November 2018
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TD Magazine

Lack of Knowledge Sharing Can Cost Millions

Loss of employee productivity due to knowledge gaps is a pricey consequence for organizations.

If you've had trouble finding information at your organization, you're not alone. According to Panopto's Workplace Knowledge and Productivity Report, six in 10 employees find it difficult to get the information they need to do their jobs well.

In many cases, employee departures are responsible for knowledge gaps. This is why a large majority of respondents (85 percent) feel it's important for organizations to document and preserve employees' unique knowledge before they leave a company. Furthermore, 70 percent of respondents agree that when employees leave an organization and take their unique work knowledge with them, it costs the organization time and money to replace it. In fact, the report estimates that preserving and sharing knowledge would save smaller organizations as much as $2 million in employee productivity, and larger organizations could save $200 million or more.


Participants reported spending an average of five hours per week waiting on others for knowledge, eight hours per week working inefficiently due to a lack of knowledge, and six hours per week duplicating efforts. New hires in particular spend more time asking for information and duplicating efforts than other employees. The report found that new employees spend about 28 hours per month working inefficiently because they are new at their jobs.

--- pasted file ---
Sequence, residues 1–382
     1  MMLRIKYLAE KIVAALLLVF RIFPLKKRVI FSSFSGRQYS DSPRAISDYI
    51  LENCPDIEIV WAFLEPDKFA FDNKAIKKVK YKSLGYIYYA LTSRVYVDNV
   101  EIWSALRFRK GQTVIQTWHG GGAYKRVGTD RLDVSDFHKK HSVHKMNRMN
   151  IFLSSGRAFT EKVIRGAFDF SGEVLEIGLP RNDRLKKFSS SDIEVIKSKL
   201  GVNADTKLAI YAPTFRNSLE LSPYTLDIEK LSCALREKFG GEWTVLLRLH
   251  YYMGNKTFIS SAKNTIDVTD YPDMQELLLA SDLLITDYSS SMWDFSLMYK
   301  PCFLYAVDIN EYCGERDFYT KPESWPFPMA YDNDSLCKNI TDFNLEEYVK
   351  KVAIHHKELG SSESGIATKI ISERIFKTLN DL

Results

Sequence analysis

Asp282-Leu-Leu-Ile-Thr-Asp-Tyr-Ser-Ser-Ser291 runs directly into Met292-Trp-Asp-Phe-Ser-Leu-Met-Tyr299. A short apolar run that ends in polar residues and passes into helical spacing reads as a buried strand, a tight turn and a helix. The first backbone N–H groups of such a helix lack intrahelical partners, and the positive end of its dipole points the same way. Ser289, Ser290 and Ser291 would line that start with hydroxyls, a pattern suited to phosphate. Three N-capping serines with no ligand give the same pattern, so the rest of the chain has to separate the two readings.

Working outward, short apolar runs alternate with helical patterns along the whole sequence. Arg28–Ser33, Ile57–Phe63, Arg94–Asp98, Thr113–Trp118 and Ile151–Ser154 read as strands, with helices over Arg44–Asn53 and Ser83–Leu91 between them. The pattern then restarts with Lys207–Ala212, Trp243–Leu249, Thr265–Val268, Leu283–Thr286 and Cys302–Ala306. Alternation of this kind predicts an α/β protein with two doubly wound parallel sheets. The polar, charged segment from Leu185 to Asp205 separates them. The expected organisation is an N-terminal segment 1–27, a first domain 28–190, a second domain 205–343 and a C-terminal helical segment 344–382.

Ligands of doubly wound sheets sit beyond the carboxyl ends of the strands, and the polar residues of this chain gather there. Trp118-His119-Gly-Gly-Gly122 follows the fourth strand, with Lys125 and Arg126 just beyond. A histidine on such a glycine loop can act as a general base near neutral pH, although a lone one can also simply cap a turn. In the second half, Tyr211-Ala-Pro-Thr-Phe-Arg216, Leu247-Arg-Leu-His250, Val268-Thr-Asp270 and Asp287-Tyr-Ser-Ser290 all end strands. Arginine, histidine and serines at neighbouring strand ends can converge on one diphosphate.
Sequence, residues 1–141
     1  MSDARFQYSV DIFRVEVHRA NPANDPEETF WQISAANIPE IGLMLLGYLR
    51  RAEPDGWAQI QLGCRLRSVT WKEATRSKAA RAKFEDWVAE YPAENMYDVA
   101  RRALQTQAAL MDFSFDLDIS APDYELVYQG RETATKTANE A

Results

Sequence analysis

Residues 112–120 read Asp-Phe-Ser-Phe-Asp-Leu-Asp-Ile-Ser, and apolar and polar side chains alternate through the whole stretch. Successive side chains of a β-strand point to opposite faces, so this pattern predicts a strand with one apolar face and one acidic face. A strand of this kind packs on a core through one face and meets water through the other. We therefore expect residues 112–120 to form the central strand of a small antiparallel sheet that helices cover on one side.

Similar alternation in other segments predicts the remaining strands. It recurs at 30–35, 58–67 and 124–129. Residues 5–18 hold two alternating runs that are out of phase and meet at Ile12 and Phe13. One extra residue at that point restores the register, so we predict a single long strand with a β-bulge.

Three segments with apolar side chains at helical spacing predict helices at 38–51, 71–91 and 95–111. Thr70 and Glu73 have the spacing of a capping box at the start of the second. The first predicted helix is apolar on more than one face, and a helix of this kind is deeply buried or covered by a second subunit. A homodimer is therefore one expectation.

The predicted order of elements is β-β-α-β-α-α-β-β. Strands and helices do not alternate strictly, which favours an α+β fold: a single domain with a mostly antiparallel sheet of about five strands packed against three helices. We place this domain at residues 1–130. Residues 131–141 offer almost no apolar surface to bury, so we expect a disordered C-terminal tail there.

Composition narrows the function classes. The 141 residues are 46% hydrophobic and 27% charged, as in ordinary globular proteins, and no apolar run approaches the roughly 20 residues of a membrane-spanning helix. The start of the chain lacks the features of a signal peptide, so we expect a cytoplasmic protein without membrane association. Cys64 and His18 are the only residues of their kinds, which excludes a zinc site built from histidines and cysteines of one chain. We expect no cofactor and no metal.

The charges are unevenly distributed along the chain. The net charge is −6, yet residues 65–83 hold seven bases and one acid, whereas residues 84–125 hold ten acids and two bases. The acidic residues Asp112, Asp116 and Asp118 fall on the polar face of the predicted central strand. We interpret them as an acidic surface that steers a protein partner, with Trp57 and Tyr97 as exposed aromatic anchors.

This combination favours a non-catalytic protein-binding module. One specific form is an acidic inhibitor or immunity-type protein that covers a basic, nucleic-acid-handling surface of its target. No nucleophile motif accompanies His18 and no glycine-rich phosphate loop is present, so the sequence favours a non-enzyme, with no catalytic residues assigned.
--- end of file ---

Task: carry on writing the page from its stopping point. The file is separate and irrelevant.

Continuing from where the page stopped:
Considering this, it may be wise to revisit onboarding processes to improve knowledge sharing and productivity. Although participants reported that it takes at least six months to learn a new job, most received only 2.5 months of formal onboarding on average. If new employees are left to their own devices too early, it is not surprising that they would spend so much time working inefficiently.

Extending onboarding periods may better prepare new hires for their roles. ATD Research's Onboard, Engage, and Develop: How Organizations Improve Effectiveness recommends that onboarding programs last anywhere from three months to a full year. Providing ongoing support to employees as they learn their new jobs can help ensure they have access to the knowledge they need for optimal job performance.

About the Author

Shauna Robinson is a research analyst at the Association for Talent Development (ATD), where she prepares surveys, analyzes data, and writes research reports and short case studies. Her previous positions at ATD include human capital specialist and communities of practice coordinator.

Prior to working for ATD, Shauna was a senior editorial assistant at Wiley in San Francisco, California. Shauna received a bachelor’s degree in English from UC Berkeley, and she is currently attending the University of Connecticut remotely to obtain a master's degree in survey research.

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